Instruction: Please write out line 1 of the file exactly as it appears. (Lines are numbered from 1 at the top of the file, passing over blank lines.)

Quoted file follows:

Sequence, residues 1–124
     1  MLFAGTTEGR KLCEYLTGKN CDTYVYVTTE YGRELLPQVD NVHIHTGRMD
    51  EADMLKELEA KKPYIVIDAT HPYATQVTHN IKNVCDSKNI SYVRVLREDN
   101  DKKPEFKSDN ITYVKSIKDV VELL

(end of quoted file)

Sequence, residues 1–124